The Gene Technology Regulator (the Regulator)

The Regulator is an independent statutory office holder responsible for administering the Gene Technology Act 2000 (the Act) and corresponding state and territory laws. The Regulator is appointed by the governor-general only with the agreement of the majority of all jurisdictions.

Dr Raj Bhula is the Gene Technology Regulator, appointed for a period of five years commencing 18 July 2016. . She is responsible for administering the national regulatory system for gene technology as set out in the Act. The OGTR staff are part of the Department of Health.

Dr Bhula comes from a background of over 20 years of experience in the regulation of pesticides in Australia. She worked as the Executive Director of Scientific Assessment and Chemical Review at the Australian Pesticides and Veterinary Medicines Authority and Program Manager Pesticides for almost 10 years. Dr Bhula has had experience in representing Australia at international expert committees such as the Codex Committee for Pesticide Residues and contributed to technical groups of the OECD Working Group on Pesticides. Much of this work has included the development of technical policy and risk assessment methodologies.


Prior to joining the public service, Dr Bhula was a research associate and part-time lecturer at the Australian Defence Forces Academy, University of New South Wales in Canberra.


The Regulator’s roles and functions

In administering the gene technology regulatory system the Regulator has specific responsibility to protect the health and safety of people, and to protect the environment, by identifying risk posed by or as a result of gene technology, and by managing those risks through regulating certain dealings with genetically modified organisms (GMOs).

Section 27 of the Act sets out the functions of the Regulator to:
  • perform functions in relation to GMO licences as set out in the Act (Part 5), which outlines the licensing system under which a person can apply to the Regulator for a licence authorising dealings with GMOs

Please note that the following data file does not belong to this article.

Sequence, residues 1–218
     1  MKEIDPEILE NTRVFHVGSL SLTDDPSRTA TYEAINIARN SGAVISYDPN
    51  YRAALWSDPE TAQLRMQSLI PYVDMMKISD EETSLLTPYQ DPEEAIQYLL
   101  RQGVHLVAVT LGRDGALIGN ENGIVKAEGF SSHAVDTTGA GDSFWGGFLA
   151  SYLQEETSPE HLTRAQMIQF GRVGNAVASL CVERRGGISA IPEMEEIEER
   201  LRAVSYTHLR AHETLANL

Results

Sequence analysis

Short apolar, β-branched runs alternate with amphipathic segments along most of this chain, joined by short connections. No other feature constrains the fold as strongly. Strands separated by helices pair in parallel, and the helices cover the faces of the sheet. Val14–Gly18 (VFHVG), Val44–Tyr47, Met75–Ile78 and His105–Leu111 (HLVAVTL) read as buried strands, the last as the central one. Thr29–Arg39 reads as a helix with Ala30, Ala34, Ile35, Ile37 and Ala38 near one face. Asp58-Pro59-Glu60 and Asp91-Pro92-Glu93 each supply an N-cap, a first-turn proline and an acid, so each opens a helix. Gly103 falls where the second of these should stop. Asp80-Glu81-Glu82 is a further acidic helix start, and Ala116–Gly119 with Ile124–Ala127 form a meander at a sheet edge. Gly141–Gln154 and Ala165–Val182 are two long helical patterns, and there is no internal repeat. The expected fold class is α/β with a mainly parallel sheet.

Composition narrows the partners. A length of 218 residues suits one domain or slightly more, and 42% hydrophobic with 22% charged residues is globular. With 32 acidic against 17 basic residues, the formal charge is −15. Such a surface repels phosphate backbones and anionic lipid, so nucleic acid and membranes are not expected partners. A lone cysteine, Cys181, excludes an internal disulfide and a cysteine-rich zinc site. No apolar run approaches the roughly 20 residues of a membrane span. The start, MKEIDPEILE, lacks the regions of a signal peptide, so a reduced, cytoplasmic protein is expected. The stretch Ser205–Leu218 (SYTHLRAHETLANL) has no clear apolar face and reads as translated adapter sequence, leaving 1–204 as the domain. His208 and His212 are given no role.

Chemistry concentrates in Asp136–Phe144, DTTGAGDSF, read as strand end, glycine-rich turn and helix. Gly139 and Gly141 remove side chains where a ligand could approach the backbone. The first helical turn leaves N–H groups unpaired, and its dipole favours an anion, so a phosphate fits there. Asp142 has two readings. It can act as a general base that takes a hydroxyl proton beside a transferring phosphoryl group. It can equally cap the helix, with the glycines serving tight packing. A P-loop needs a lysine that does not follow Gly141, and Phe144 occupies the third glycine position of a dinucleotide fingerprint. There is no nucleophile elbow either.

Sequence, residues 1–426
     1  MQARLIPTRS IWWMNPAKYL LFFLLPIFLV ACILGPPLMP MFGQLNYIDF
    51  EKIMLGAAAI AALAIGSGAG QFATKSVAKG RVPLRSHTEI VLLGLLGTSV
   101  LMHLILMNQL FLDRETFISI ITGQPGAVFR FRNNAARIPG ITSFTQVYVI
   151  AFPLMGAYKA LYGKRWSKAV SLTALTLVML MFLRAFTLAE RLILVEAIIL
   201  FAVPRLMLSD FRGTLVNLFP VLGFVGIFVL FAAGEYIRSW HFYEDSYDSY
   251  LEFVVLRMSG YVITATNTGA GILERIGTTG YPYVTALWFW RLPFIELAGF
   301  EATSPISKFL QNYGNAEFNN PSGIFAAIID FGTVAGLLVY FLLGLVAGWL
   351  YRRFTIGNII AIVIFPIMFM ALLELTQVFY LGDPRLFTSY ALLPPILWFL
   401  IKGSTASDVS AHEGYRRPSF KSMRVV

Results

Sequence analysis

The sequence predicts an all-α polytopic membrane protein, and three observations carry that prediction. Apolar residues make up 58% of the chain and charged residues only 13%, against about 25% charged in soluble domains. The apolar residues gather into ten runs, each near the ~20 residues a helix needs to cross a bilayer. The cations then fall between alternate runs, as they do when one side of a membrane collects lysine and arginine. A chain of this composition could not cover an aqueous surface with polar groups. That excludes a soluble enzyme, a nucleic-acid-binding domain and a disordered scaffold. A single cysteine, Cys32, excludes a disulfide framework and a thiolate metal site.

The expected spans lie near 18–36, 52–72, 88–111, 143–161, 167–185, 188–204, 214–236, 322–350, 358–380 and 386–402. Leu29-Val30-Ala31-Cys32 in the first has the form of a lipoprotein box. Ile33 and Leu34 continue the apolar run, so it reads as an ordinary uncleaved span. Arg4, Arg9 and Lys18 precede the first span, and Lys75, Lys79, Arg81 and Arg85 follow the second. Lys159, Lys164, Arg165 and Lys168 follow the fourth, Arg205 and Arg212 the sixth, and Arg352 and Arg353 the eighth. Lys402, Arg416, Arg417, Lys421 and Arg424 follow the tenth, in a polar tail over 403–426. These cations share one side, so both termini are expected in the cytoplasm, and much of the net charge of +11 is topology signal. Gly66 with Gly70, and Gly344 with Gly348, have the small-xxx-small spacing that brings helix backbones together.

• develop
    • draft policy principles and policy guidelines, as requested by the LGFGT
    • codes of practice
  • issue technical and procedural guidelines in relation to GMOs
  • provide information and advice to
    • other regulatory agencies, about GMOs and GM products
    • the public, about the regulation of GMOs
    • the Legislative Governance Forum on Gene Technology about the
      • operations of the Regulator and the Gene Technology Technical Advisory Committee
      • effectiveness of the legislative framework for the regulation of GMOs, including in relation to possible amendments of relevant legislation
  • undertake or commission research in relation to risk assessment and the biosafety of GMOs
  • promote the harmonisation by regulatory agencies of risk assessments relating to GMOs and GM products
  • monitor international practice in relation to the regulation of GMOs
  • maintain links with international organisations that deal with the regulation of gene technology and with agencies that regulate GMOs in countries outside Australia
  • conduct other functions conferred by the Act, the Regulations or any other law, such as
    • monitoring and enforcing the legislation
    • reporting quarterly to the Minister and Federal Parliament.
This diagram displays the Regulator’s roles and functions as described above.
    Top of page

    Content within this section